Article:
RPC over HTTP for Front End Server

Ok, I just read to whole scenario that was posted by AdamHolmes and the responses by Simon and Sembee.  I too am running into somewhat of the same issue however I do know that I only put the ssl cert on the FE server and enabled the appropriate setiings on the RPC tabs (system manager) for the BE and FE servers.  OWA works fine, The error is "Your Microsoft Exchange Server is Unavailable".  I am able to RPC into other servers.  I also looked at the settings in Outlook. As I am most familiar with the settings for an SBS server, my concern might be focused on the principal name being used, should this be msstd:mail.mydomain.com or msstd:feservername.mydomain.com ?

Any other suggestions to look at and resolve this?

BTW I am logging on with the credentials ADdomainname\username and password
rbarwigAsked:
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SembeeConnect With a Mentor Commented:
Those last screenshots all look fine to me as well. Nothing in there of any concern.

As this is a fe/be scenario, you shouldn't need to make registry changes. However I would be tempted to think about trying it with registry settings instead of the GUI. Have you tried manually setting the registry?

Simon.
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amaheshwariCommented:
It should be msstd:feservername.mydomain.com .

Check this:

http://www.msexchange.org/tutorials/outlookrpchttp.html
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rbarwigAuthor Commented:
looked at that document, it shows the setup if you VPN in, this user is not using VPN.  I made the chnage to msstd:feservername.mydomain.com and now when I get the authentication screen, I input daminname\username and password and the screen refreshes but goes no where, just right back to the login screen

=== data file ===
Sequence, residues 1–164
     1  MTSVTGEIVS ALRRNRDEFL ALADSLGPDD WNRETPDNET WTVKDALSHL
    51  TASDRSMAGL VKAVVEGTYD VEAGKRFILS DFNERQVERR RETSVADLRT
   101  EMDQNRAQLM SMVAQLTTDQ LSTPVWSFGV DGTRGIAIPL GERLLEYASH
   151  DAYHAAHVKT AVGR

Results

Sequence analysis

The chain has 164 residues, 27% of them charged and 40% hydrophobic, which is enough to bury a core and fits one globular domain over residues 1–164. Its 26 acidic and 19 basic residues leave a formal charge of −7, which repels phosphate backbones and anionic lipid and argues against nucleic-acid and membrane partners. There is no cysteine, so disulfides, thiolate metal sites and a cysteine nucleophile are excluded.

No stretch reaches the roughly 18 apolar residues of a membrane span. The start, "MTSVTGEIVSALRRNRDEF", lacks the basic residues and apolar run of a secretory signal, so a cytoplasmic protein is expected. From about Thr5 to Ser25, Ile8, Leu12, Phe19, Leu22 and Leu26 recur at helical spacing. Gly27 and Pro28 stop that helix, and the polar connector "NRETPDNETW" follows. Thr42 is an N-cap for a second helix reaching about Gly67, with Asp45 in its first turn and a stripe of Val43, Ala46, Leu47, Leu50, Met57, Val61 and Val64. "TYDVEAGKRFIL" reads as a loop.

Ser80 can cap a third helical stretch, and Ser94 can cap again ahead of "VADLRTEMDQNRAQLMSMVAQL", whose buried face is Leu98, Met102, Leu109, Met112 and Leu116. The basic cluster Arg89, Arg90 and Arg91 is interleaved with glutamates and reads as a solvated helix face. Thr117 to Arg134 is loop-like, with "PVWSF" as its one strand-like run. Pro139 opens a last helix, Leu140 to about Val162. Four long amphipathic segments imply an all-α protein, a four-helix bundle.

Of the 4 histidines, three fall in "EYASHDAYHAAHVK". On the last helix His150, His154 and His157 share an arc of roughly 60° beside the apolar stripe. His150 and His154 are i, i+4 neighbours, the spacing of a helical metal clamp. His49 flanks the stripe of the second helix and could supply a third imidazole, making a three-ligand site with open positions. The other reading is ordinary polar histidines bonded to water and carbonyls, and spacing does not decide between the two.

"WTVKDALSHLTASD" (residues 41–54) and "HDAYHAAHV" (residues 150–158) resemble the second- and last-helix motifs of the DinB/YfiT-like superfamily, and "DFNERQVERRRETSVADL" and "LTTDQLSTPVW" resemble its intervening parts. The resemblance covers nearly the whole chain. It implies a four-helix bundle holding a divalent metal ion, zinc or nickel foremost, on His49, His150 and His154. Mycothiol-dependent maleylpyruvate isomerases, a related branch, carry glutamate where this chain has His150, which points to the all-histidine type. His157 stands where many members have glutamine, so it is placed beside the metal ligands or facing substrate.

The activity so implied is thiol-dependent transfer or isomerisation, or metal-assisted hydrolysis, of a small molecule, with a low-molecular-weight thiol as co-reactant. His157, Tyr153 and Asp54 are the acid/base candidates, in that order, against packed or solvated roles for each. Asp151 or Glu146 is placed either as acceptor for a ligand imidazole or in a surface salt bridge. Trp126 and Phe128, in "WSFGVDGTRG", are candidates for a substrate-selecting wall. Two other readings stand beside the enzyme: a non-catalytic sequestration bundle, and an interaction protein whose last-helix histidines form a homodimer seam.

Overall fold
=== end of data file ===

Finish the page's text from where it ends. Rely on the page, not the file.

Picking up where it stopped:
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amaheshwariCommented:
You could try changing the setting in the profile from None to NT Password Authentication.
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rbarwigAuthor Commented:
nope same thing
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rbarwigAuthor Commented:
sembee any ideas on this?
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SembeeCommented:
Give me a chance - I am still going through today's questions!

msstd:servername.domain.com - should match what is on the certificate.

Is the machine a member of the same domain as the Exchange server? If so, you shouldn't be getting any prompts.

The other thing to check is the authentication settings on the /rpc virtual directory in IIS Manager on the frontend. It should be integrated and basic ONLY.

Simon.
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rbarwigAuthor Commented:
msstd:mail.mydomain.com   this is the same as the cert

FE server is member of the same domain as BE server

settings match
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SembeeCommented:
I meant the machine with Outlook on it, not the Exchange servers. Is that in the same domain as the Exchange servers?

Simon.
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rbarwigAuthor Commented:
no, it is a system at the VP's home, running XP Pro, SP-2 Outllook 2003 SP-2
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rbarwigAuthor Commented:
Not that it makes a difference, he is able to OWA in from home
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SembeeCommented:
Does it work inside on a machine that is a member of your domain?

Simon.
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rbarwigAuthor Commented:
do not know for sure, I will not be able to test until Wednesday after the holiday
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rbarwigAuthor Commented:
will there be any changes needed on the client setup?  internal vs external?
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SembeeCommented:
If you setup your network correctly, it should be totally transparent to the users. I always set up the feature and the network in that way. Users can then come and go without having to do anything to their Outlook.